Local investors learn to ride the market

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— Sherm Poppen wasn't impressed with the stock market's rally Wednesday afternoon.

"It was a dead cat bounce," he said dismissively of the 500-point jump in the Dow Jones Industrial Average.

The expression "dead cat bounce" is a term that signifies a rally that isn't going to last, he explained. He believes the struggling stock market hasn't found the bottom yet.

"This market has been oversold for so long that we were destined for this," he said.

Poppen is a retired Midwestern bank director who belongs to a local investment club with the symbolic name "Oops."

The members all bring $100 for the investment fund to the club meetings on the first Thursday of every month. Most of them are comfortably retired and can all afford the risk. Lately losing is what they've been doing, but everyone in the club can take the heat, Oops member Jim Peterson said.

"None of our members is gong to have to go back to work if they lose $100 a month," he said. "With an investment club you can relax and enjoy the process."

The real attraction of an investment club, Poppen said, is the access to great financial minds.

"The big joy I see in Oops is one of education," Poppen said. "The knowledge and experience we have in the club is just so good. A couple of people ran tech companies. One guy was an attorney for a company that did acquisitions."

Peterson said he has learned to resist the temptation to jump onto the Internet and track the progress of his stocks throughout the day.

"My pain or happiness is all saved until 2 p.m. (when the markets have closed in new York)," he cracked. "Like every investment club, ours has suffered over the last two years."

Peterson said Oops has broken the financial markets into segments and devotes four monthly meetings to the exploration of each one.

When it came to tech stocks, he said, "We got caught just like everyone else. And telecom companies killed everybody."

The medical and pharmaceutical industries provided mixed results, but the club did pretty well in the banking and consumer sectors.

Individual big-box retailers have continued to perform in the volatile markets of the past two years, Peterson observed.

"A company like Bed, Bath and Beyond, since 1998, has grown 300 percent, even through the bad years," he said.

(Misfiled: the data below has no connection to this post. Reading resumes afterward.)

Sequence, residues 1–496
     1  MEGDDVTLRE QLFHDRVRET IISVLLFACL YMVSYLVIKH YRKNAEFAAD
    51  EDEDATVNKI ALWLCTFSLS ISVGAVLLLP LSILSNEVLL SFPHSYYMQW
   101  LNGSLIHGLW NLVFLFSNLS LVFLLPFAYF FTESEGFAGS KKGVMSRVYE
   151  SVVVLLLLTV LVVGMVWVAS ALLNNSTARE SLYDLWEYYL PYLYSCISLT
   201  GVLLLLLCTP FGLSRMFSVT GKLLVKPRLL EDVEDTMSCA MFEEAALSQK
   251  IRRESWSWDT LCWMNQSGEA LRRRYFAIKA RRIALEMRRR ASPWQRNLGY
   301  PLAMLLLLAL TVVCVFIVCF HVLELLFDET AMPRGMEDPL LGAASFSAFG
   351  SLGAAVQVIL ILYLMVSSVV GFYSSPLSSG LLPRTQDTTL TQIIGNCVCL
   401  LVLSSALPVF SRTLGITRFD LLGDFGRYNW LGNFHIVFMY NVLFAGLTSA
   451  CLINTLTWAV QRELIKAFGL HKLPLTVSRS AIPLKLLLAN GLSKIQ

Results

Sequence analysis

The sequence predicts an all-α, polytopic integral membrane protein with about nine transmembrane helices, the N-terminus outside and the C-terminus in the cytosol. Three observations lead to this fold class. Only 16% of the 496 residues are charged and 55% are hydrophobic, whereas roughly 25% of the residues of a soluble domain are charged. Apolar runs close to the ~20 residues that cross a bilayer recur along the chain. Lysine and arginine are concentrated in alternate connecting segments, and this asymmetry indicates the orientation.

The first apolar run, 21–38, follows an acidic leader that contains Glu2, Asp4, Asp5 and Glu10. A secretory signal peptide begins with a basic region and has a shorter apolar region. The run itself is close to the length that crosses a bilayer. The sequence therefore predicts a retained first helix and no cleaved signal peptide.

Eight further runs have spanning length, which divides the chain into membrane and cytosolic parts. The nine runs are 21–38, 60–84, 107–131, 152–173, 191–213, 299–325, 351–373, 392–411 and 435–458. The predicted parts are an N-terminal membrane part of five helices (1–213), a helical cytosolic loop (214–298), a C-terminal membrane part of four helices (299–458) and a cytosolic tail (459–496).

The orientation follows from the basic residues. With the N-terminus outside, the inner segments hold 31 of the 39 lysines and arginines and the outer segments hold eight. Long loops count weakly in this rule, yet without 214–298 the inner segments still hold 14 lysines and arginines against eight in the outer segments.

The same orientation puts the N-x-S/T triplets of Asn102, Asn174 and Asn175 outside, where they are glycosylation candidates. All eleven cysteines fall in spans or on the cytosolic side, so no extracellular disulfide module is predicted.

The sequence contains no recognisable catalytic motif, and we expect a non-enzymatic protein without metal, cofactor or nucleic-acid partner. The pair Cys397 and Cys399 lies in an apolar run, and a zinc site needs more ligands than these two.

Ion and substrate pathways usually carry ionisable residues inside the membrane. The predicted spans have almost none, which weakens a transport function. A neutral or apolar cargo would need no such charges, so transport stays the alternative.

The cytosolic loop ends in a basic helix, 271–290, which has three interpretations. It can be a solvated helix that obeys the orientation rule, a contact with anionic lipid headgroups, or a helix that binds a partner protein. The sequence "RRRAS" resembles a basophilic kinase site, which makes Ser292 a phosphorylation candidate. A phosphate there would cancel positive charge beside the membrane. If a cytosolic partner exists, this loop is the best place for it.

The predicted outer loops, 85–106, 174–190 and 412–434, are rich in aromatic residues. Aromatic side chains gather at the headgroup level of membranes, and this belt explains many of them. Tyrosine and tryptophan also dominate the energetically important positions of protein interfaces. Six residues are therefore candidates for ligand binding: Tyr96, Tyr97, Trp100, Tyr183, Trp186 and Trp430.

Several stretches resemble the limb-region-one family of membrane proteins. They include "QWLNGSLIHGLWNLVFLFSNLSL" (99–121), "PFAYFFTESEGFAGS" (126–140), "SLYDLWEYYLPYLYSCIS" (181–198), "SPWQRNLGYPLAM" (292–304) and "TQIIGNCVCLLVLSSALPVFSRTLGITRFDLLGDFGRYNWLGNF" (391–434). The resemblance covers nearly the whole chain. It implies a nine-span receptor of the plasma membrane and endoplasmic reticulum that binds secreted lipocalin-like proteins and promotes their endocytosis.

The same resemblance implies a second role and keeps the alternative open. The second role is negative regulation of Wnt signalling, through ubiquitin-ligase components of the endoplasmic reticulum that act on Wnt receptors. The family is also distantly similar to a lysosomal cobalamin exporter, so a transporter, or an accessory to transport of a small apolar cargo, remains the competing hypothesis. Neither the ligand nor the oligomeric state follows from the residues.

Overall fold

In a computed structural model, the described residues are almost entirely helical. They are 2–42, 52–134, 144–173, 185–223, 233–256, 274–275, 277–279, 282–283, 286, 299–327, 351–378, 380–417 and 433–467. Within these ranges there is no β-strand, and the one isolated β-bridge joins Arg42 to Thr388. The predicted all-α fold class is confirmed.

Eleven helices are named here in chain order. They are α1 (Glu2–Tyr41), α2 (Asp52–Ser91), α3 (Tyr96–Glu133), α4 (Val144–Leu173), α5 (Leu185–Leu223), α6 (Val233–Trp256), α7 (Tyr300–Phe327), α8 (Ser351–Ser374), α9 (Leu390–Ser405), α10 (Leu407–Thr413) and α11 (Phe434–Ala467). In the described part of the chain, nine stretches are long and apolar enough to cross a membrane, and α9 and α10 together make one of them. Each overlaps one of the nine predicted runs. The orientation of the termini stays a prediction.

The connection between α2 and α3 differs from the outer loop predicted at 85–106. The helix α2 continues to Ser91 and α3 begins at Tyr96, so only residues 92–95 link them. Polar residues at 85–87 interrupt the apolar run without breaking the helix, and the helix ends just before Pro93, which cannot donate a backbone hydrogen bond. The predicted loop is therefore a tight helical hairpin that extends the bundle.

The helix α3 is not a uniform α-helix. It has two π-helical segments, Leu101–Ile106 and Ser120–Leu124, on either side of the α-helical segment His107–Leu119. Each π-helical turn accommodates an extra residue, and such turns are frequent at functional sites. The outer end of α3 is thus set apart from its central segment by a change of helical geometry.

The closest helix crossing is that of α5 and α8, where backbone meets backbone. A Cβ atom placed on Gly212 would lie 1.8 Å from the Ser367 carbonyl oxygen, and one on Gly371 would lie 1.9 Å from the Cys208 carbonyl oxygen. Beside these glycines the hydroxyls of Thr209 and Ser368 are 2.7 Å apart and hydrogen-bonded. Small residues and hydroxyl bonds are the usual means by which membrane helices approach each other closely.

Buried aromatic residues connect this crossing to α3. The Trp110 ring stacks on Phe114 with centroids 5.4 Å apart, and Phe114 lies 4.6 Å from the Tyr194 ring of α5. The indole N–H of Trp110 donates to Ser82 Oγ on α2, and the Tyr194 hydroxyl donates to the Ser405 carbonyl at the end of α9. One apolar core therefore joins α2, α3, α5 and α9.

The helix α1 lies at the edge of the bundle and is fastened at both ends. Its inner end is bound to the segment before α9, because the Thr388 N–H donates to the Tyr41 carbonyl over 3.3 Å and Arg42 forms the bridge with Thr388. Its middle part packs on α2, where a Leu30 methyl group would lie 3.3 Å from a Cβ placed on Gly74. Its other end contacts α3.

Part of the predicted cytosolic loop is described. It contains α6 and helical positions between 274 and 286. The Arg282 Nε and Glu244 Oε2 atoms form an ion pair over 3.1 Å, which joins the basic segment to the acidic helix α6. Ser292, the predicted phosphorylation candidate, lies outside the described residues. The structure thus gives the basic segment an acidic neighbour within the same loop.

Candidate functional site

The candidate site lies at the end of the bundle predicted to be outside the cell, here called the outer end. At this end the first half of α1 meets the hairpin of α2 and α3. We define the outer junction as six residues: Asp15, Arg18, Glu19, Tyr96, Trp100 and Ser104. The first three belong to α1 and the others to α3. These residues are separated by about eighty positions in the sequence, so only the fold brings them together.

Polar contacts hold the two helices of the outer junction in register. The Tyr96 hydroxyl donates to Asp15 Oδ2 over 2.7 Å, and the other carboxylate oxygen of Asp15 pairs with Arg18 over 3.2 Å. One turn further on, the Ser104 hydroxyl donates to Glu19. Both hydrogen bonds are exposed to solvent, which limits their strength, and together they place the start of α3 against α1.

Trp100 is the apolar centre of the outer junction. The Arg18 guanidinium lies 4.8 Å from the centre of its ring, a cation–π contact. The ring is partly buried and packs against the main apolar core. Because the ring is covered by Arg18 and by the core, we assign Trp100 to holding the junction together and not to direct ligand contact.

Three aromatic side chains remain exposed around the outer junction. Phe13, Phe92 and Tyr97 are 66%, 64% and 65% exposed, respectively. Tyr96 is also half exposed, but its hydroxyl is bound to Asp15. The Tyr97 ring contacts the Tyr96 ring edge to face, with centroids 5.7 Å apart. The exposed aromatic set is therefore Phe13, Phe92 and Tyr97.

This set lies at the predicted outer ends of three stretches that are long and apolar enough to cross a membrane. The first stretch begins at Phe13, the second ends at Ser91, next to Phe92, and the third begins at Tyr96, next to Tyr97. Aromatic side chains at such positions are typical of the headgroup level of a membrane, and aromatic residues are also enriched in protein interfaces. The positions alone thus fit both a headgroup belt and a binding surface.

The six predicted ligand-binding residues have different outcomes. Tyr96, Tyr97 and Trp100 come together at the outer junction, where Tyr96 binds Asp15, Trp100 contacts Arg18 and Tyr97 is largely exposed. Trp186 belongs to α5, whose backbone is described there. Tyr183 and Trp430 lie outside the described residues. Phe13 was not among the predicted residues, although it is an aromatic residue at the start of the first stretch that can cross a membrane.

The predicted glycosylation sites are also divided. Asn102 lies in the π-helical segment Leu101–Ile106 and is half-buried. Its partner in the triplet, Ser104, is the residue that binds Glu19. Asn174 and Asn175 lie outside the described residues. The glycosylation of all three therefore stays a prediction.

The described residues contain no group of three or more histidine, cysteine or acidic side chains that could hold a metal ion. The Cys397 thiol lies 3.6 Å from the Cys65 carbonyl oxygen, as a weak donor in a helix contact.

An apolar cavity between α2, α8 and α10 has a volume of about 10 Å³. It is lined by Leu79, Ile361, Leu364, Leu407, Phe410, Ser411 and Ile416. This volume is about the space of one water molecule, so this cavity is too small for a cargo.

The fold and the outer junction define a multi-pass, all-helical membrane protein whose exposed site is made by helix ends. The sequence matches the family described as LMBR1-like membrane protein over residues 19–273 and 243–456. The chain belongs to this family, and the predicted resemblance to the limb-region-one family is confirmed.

Among the lessons that are absorbed through participation in an investment club is the importance of researching a company and what that really means, Peterson said. Many of the investors in America who have had such a rude awakening over the past two years probably never bothered to ponder the significance of price-to-earnings ratios that were severely out of balance, he added.

Peterson said the members of Oops look very closely at a company's debt load and how its management controls that debt while it strives to grow earnings.

Evaluating the management team of a publicly traded company has always been important in understanding its desirability as an investment, in Peterson's view.

"It's probably the hardest thing to evaluate," Peterson said.

Now, CEOs are being scrutinized in an entirely different way in the wake of corporate scandals that are currently undermining public confidence in the markets.

Elaine Gilbertson has the advantage of looking at the markets from the perspective of two different investment clubs. In addition to Oops, she participates in the Greater Yampa River Ladies Investment Club.

With a monthly investment of just $25, GYRLIC is a great way for beginners to dabble in the markets. But Gilbertson said it's important to understand that it's an educational club, and the people who get the most out of it are those who are willing to study and learn.

"The misconception is that you're going to make a bunch of money," Gilbertson said. "It's a way of getting together and learning from other people."

The membership of GYRLIC has dwindled from more than 20 members to only seven in recent years.

While the downward-trending market hasn't helped retain members, Gilbertson believes most of the people who have cashed out of the club found they didn't have the energy and time to devote to thoroughly researching stocks.

"It's about work. It's a great learning tool you can use throughout your life," she added.

One of the biggest lessons Gilbertson has learned about stocks through her participation in the two clubs is to separate her emotions from her stock picks.

"Don't fall in love with a stock," she cautioned. "You have to look strictly at the numbers."

Peterson said Oops is choosing stocks based on a five-year timeline. The club recently jumped into Exxon/Mobil.

"We set a target," Peterson said. "Any stock that doubles in five years is good to be in. Exxon has shown it can hold its value."

Poppen said he's begun to get back into the market on a personal level.

He prefers to evaluate stocks by measuring their yield (the dividend they pay) against their current price.

He knows that bonds, bank CDs and money market accounts are paying low rates right now. When he sees a stock like J.P. Morgan, which was clobbered in the latest stock plunge, but is paying 6 percent dividends, he's attracted.

"Why not park your money there?" he asked rhetorically. "If the stock price goes up, that's a bonus."

Peterson says he hasn't been scared away from the markets by the struggles of the past two years.

"I'm still confident in most of the big, well-established companies," he said. "There will always be CEOs who are dishonest or less than forthcoming. But I don't think every company out there is going to be (involved in) scandal. There are a lot of good companies out there."

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